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Jobs >> Jobs Articles >> Interview & Resume Tips >> Ten Questions to Ask During an Informational Interview

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Ten Questions to Ask During an Informational Interview

By   |  Dated: 11-09-2015

Summary: Informational interviews are the best way to learn the truth of what you need to work for a company and what a specific job is like.

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Ten Questions to Ask During an Informational Interview

Informational interviews can be hard to get because it benefits the interviewee in no way. This becomes worse when you take up part of their day and have nothing important to ask. Before crawling and begging for an interview from someone that has your dream job or works for your dream company, have something to say to eliminate any awkward silences or make them feel like they have helped you.
 



Research the company and the person by studying LinkedIn pages, Twitter profiles, and company bios to find out information to help fuel the conversation. The interview should almost be like a first date. Be friendly, casual but not overly so, compliment slyly, have a sense of humor, and be interested in the person.

Question 1: “I know you spent (x) amount of years before working here, so how did you get started in this industry?”

This question makes it obvious that you have done your research so that they don’t have to spend time explaining their life story.

Question 2: “Is there something you wish you’d known or a skill you’d had starting out? Or is there something you wish you had done differently?”

You are bound to get some useful information out of this question. Taking advantage of another’s mistakes is a great opportunity to learn.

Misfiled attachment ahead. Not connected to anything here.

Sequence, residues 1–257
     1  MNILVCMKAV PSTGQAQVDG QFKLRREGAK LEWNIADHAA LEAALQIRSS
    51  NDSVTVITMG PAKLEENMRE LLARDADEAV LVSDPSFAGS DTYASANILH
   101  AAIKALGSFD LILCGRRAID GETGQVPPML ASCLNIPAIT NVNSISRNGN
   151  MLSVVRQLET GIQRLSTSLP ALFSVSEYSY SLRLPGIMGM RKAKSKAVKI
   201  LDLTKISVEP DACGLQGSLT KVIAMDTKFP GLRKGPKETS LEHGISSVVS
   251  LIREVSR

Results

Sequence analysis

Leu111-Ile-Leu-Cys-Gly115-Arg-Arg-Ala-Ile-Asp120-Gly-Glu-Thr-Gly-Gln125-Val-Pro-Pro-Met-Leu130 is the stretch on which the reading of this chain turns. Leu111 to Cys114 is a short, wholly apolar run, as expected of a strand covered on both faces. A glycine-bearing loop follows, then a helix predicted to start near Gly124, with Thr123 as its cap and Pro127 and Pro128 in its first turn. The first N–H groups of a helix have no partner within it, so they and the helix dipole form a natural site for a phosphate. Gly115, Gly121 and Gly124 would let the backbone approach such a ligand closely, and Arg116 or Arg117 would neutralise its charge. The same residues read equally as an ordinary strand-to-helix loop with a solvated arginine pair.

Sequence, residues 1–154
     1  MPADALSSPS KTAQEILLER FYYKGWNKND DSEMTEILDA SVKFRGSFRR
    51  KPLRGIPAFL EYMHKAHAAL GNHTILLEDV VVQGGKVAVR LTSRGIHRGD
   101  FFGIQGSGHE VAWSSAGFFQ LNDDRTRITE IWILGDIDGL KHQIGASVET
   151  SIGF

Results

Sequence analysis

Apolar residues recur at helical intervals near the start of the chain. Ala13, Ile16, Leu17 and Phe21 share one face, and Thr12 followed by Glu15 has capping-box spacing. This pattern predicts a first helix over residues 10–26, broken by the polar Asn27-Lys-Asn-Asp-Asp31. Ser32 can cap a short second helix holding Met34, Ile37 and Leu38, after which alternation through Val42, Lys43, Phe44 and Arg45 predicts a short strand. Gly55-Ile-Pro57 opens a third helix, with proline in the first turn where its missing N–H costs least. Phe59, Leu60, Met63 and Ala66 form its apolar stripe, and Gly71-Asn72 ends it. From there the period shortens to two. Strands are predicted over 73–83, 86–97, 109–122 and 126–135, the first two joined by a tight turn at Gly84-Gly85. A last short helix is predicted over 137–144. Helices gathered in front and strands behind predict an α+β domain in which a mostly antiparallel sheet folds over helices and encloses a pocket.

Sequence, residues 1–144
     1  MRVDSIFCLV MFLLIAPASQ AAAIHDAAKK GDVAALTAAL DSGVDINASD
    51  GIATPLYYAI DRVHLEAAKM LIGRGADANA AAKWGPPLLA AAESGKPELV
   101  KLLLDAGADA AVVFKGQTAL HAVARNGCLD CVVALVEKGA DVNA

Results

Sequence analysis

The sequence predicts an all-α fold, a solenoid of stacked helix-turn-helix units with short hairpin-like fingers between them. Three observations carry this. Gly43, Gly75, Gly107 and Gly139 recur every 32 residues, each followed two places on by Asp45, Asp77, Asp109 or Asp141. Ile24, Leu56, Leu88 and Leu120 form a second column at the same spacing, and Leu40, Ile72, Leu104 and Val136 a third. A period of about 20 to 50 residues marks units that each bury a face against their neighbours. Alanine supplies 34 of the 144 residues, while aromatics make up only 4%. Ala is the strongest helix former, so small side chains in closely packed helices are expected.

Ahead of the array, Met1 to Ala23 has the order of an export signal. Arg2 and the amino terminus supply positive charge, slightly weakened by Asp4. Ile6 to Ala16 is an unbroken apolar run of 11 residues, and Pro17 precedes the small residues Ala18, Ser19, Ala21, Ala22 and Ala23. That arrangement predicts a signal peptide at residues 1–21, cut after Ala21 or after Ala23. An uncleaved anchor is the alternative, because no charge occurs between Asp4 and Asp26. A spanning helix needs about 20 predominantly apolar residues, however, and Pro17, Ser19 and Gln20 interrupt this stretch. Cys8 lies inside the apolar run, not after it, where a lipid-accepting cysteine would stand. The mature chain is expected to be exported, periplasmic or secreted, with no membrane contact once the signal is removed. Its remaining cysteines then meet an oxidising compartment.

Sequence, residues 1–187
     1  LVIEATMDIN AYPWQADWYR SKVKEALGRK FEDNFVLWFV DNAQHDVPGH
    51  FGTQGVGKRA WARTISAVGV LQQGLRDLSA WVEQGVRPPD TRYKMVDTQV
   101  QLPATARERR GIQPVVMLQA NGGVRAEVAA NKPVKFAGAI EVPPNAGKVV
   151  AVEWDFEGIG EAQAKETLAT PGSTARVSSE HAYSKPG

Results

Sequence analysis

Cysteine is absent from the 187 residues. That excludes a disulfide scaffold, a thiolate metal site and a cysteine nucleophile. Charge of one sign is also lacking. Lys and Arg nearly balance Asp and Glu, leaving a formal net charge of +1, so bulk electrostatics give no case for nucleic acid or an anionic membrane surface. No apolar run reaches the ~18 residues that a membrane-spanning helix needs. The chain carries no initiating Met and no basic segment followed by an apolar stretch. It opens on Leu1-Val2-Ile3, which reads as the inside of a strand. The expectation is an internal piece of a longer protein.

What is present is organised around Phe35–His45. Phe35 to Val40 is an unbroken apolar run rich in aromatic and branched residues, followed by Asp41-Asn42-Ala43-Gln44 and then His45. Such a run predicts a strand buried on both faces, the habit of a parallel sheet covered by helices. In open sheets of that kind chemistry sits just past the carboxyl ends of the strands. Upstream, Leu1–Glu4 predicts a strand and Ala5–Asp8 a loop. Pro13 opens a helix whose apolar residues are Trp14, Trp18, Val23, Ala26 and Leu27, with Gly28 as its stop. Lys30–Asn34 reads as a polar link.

Question 3: “What is the culture like here compared to your last company?”

Most people have worked at more than one company in the same industry. Getting a comparison from someone with firsthand knowledge will help you know if the company is one to work towards.

Question 4: “What is your biggest challenge in this role?”

If they have a position that you hope to have some day, then this question will help you prepare and know what to expect.

Question 5: “Is there anything you dislike about this company?”

Specific employees will give you the honest truth about a company, whereas a hiring manager will not.

Question 6: “Would you mind taking a quick look at my resume?”

This person may have a role in the hiring of the company, so having them take a look at your resume will help you know what flaws you have.

Question 7: “How does my experience stack up to others applying for [insert specific job]?”

This question is only important if they deal with hiring.

Question 8: “What type of personalities fit in best at your company?”

This question is very important. Some companies have definite “types”, so now is the time for you to find out if you fit in before you spend the time applying.

Question 9: “What is the best way to get my foot in the door here?”

The interview is a chance to learn what your next steps are to get into the company.

Question 10: “Is there anyone else you think I should speak with?”

You should be able to gather more names of people to talk to. If you don’t, you did something wrong during the interview.

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